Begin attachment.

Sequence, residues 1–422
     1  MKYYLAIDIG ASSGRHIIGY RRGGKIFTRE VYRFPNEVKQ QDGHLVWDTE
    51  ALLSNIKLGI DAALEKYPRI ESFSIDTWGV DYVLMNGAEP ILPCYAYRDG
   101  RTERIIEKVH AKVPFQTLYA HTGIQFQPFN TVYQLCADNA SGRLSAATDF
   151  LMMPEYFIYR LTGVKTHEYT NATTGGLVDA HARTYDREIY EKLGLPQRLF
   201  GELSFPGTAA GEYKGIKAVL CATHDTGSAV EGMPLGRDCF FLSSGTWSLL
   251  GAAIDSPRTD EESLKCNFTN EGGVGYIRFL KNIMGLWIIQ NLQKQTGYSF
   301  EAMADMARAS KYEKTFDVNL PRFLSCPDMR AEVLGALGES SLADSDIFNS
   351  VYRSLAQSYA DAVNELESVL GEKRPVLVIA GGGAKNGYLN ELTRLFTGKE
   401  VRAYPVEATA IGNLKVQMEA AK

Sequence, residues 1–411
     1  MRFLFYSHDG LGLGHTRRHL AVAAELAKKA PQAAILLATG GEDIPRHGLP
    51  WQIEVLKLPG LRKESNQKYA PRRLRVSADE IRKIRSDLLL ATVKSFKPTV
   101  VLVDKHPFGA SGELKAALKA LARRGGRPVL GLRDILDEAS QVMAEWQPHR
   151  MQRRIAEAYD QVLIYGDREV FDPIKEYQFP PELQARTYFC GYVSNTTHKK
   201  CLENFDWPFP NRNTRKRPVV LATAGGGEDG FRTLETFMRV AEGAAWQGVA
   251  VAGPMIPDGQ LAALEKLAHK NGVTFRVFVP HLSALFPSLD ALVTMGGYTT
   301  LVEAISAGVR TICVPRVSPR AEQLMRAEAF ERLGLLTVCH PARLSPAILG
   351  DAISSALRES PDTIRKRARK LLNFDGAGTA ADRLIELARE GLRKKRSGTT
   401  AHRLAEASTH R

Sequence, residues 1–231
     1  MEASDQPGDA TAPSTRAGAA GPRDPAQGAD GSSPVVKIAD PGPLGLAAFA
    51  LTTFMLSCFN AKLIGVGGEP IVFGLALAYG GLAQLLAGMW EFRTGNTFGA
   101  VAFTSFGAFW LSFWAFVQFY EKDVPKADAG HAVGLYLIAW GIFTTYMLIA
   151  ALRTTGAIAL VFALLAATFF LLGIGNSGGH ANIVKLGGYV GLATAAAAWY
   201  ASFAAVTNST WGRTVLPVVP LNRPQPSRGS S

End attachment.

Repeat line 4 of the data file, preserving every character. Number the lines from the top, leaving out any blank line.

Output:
   101  RTERIIEKVH AKVPFQTLYA HTGIQFQPFN TVYQLCADNA SGRLSAATDF